Nothin’ but the dog in me

By on May 9, 2015 in Big Dummy | 1 comment

I wasn’t in the market for a new dog, not yet.  Mud Season was high upon us, and I wasn’t quite finished being sad for my dearly departed sheepdog.  But the Squirrel hadn’t stopped talking about the dog, and definitely hadn’t stopped loving up any and every dog we happened upon, nor had she stopped pretending to be a dog at every other minute. So, a dog in need came up, and we, innkeepers of strays and house of crazy, brought him into our fray.  He’s older than a new puppy (read: he knows where to do his business), but too young to be of much use (read: in the way of everything, chewing anything in his path, flopping in gardens, terrorizing cats).  But the Squirrel loves him in the devoted and unconditional way of hers.  My last month’s days have gone like this: — Squirrel goes to Dog, throws her arms around his head to give him a hug. –...

You can shine all the buttons on your green shirt

By on Apr 21, 2015 in Look at My Big Garden | 1 comment

I caved and bought a hoop house, and not a modest one.  I could live inside it.  I have, in fact, lived in smaller spaces, as has been well documented on this very web site.  Here’s a general schedule of our first few days with it: Friday:  assemble hoop house. Saturday morning:  eagerly move scrawny, desperately sun-searching seedlings into hoop house.  Install thermometer and hose.  Watch hourly and document temperature change as the seedling soil ruptures and the new leaves pop open in time-lapse fashion.  Watch the temperature reach triple digits and high-five melon seedlings.  This will be our year. Saturday night:  haul everything back in, because of course in my excitement I might also have planted a hundred or so new seeds, and because it still gets down around freezing at night, even in the hoop house. Sunday morning:  move newly invigorated seedlings back into hoop...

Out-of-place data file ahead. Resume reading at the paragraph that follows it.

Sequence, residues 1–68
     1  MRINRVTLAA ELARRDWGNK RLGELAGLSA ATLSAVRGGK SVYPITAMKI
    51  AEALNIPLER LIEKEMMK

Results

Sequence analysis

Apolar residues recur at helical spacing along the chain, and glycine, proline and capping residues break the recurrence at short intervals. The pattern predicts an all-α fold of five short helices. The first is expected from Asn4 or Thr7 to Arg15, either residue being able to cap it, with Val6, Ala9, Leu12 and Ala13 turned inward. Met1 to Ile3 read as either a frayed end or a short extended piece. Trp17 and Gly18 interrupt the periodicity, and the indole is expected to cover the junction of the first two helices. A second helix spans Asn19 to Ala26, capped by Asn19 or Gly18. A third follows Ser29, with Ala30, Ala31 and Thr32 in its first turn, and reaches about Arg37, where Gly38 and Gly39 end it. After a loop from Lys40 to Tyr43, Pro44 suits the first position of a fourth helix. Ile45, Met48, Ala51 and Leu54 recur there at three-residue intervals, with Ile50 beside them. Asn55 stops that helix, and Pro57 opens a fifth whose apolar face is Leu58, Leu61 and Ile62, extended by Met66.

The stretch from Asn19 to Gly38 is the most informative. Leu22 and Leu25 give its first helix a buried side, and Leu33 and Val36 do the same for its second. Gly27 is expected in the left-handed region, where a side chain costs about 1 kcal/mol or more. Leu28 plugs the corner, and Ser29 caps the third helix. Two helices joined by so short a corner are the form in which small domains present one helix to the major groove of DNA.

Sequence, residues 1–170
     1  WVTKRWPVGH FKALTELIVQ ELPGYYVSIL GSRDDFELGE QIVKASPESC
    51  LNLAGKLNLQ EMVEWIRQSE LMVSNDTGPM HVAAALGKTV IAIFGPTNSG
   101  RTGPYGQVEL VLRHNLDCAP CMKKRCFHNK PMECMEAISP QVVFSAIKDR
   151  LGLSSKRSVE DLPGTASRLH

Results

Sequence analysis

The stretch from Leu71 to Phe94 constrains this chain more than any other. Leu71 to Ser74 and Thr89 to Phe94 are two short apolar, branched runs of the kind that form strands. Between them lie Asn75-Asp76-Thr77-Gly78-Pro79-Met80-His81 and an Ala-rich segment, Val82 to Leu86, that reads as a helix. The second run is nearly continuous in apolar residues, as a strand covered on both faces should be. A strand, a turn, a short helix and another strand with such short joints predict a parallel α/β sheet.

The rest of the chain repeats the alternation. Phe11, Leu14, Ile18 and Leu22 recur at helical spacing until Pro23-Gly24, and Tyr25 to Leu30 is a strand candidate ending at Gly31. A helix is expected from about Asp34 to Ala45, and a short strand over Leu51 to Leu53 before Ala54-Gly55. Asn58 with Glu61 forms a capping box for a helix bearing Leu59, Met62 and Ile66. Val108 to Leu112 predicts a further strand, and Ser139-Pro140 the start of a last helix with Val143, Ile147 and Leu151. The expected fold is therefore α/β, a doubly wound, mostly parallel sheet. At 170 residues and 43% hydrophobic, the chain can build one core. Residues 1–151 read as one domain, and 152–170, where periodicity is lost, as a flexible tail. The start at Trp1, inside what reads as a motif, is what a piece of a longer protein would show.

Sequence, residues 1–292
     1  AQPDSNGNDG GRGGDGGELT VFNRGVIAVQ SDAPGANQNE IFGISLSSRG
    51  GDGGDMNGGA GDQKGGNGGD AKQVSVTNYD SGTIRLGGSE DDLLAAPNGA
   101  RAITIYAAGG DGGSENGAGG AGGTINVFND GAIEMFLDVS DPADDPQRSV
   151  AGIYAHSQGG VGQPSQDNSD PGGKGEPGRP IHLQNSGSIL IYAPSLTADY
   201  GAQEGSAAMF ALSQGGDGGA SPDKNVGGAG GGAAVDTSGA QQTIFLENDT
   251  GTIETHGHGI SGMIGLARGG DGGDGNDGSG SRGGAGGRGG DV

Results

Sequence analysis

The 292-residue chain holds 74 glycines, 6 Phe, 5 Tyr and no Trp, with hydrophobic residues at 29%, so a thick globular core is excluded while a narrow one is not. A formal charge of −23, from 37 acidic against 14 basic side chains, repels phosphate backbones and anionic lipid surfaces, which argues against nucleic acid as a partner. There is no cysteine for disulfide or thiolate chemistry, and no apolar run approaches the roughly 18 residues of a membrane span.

Dirt in my toes, dirt up my nose, I’m a perfect curse to pest control

By on Mar 27, 2015 in Hyperbolics | 1 comment

When we last left off, we’d sent our Sweetie Pig to go visit the boar up the hill for some good grownup fun, only to discover that she hadn’t quite let down her hair enough to get comfortable with the idea. The ensuing slapstick is already well-documented. We got a call some weeks ago:  The Boar Had Died, leaving Sweetie Pig a virgin still.  The story of the boar’s death is for another medium, perhaps, or a more bourbon-soaked post at a later date, but the point was: Sweetie Pig had not even been immaculately conceived, it was a little late in the year to consider a backup plan, so she’s going to hang out with us for some time, and we’ll have sleepovers, and braid each others’ hairs, and talk about boys and what to do with them.  Maybe we’ll practice on pillows together, now that we have time. Of course, now that she’s not happily...

There’s a party up there all the time, and they’ll party until they drop.

By on Jan 30, 2015 in Hyperbolics | 1 comment

This year’s Pig Slaughter came and went, and was something less of a redneck riot than last time.    Notably, though, in the interest of slowly extricating ourselves from the hallowed land of cash capital, we kept alive a breeding sow, and sent her up the hill to the lady farmer neighbor with a passel of stiffied boars. We’d kept this particular sow because she was so wonderfully even-tempered; The Native had christened her Sweetie, and she was the one of the bunch of seven who could be pat, and who wouldn’t try and eat you on sight. But maybe seeing your friends murdered, plucked one by one over the course of two days, then being spirited away up a country road in a four-wheeler’s trailer and dropped in a muddy pen with a boar several times your size who immediately smells your heat and responds accordingly… maybe this is more than the porcine mind can...